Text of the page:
“Our ultimate goal is to bring the brand back to its position it held in the market during the glory days and with that, start performing better in tests.”
That’s the frank assessment of Claud Butler’s aspirations going forwards from product and marketing director Dave Drury.
With the firm’s Brigg-based production site having finally closed its doors in 2006, Claud Butler held out until quite late in the day to allow its production to head east, as countless others had done before. The last bike out of the door was a customised carbon fibre build, which was presented to a local charity for auction and subsequently sold for over £10,000.
With the unfortunate realisation that UK production was no longer feasible, the workforce shrunk dramatically and skills were lost. But not all.
“Our existing workforce is made up of long serving staff, some of who used to work on the manufacturing side, but are now in the warehouse, so the skills remain for any future projects we run and we have a few ideas,” says Drury.
That brings us to the present day, where having restructured and relocated the entire operation to a 40,000 square foot warehouse with one external office, Claud Butler is once again in a position to make some bold moves in the right direction.
“We’ve started to pull in dealers who perhaps haven’t ordered for four or five years,” said Drury. “That’s a big positive I think, as it shows some confidence is returning in Claud Butler and certainly the product’s quality is now very much back on track.”
The range is made up of bikes costing from £250 at retail, right through to £1,250 and with the average purchase price creeping up, there’s potential for some exploration outside traditional price points, explains Drury.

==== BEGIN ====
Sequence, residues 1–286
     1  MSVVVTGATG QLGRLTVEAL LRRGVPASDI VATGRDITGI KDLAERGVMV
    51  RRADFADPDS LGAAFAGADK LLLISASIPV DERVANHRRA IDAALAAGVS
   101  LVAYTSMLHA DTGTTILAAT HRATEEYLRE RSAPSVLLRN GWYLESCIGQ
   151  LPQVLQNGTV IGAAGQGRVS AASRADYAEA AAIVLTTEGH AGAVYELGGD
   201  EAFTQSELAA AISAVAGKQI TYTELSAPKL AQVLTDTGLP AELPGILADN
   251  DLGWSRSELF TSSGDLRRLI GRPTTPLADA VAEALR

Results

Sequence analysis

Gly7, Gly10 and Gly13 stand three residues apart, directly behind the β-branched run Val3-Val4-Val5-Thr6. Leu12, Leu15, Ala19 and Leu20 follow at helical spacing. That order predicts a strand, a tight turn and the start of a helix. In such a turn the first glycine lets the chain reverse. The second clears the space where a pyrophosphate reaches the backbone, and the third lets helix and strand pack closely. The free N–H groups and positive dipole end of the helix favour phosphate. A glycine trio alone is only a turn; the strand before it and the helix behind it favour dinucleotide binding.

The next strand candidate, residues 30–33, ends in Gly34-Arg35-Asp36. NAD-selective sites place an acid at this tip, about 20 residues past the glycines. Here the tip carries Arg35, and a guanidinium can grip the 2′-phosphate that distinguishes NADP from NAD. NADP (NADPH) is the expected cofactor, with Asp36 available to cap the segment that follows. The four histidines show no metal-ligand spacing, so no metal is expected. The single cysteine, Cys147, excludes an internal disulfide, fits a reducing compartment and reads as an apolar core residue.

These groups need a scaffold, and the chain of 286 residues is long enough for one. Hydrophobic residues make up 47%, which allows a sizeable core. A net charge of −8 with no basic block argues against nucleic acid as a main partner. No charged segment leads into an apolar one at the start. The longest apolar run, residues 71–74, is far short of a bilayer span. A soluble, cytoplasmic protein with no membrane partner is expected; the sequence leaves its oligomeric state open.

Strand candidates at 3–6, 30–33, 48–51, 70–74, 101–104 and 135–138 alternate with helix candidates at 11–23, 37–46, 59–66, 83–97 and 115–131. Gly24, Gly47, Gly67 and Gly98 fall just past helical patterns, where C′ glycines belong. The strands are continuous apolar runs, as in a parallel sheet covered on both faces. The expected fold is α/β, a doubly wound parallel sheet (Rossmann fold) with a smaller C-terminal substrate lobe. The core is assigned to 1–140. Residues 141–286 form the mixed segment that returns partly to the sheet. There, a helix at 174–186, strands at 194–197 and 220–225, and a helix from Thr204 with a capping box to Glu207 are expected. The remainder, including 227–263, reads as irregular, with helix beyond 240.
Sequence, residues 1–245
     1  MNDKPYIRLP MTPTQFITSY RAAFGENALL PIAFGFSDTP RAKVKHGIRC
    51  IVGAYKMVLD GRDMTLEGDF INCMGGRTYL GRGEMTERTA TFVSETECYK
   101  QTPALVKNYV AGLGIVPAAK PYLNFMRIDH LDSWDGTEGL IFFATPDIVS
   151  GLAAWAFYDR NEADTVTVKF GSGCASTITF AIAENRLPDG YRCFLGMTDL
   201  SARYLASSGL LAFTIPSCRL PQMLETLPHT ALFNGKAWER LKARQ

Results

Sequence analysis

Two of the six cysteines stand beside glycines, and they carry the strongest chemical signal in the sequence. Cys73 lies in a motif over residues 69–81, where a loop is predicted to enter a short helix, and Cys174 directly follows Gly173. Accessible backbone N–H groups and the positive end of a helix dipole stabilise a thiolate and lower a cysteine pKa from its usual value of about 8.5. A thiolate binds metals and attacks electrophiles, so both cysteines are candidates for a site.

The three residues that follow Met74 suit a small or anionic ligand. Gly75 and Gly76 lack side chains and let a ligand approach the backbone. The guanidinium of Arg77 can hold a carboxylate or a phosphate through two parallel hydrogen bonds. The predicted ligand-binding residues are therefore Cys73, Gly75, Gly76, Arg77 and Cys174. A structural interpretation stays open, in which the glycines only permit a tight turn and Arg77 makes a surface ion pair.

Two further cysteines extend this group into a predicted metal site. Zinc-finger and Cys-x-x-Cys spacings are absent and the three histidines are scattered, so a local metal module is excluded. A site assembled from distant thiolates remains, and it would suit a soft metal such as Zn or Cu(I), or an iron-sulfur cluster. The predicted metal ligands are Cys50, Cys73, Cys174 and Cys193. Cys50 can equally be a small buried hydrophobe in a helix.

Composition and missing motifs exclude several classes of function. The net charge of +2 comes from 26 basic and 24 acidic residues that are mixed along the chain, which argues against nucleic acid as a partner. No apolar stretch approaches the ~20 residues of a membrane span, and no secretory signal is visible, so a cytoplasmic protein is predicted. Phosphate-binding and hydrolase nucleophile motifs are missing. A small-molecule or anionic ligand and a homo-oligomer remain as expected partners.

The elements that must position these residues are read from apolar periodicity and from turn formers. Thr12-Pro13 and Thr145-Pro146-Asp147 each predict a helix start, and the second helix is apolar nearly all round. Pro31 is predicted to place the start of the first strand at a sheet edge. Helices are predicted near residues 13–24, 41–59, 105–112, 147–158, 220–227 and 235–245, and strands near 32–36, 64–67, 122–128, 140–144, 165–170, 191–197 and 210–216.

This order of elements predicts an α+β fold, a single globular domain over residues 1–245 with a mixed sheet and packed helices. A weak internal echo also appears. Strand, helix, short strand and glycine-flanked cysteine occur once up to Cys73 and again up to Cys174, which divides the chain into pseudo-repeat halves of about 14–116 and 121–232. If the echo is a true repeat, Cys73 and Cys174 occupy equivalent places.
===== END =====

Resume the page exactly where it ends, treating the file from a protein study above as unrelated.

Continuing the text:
“Our best sellers at present seem to be the cyclocoss bikes, where demand often tests our supply. With cyclocross bikes being as versatile as they are and many buyers using them as commuter rigs, we see this as a big growth area.”
Claud Butler’s bread and butter sales have traditionally been the sit-up-and-beg leisure bike, so it’s no surprise to find a vibrant showroom full of ‘Cambridge’ shopper’s. But among the new stock, there’s also some gems for the road cyclist and mountain biker emerging.
“It turns out the dealer isn’t entirely all for the phasing out of 26-inch,” jokes Drury. “We tried to go with the trend for 27.5 and 29ers and there’s plenty new here, but there was a backlash against the phasing out of 26, so we now offer a bit of everything. Build wise, there’s more hydroforming going on, so the frames look and feel the part. Across the entire range we’ve actually revamped every single frame spec and geometry, modernising each to suit current end-user demands.”
Further to updated geometries and wheel sizes, the firm has embraced the electric bike, adding the distribution of Urban Mover, as well as own label e-bikes, giving dealers an option should they have a customer seeking power assistance.
There’s fixies too, catering for the urban retailer, while Scorpion bikes satisfy the parent looking for a first BMX for little Johnny.
Like many others in the business, the Tour de France’s arrival will be embraced by the firm, which plans to have promotional limited edition bikes for the road going cyclist.
That’s far from all though, says Drury. “We’re on the verge of signing a significant deal that will change the business, but at this stage that’s all I can say.”
If you would like to become a Claud Butler dealer, the distributor is very keen to speak to both old and fresh accounts. You can either contact one the six area sales representatives covering the UK, or call the Claud Butler office on 01652 656000.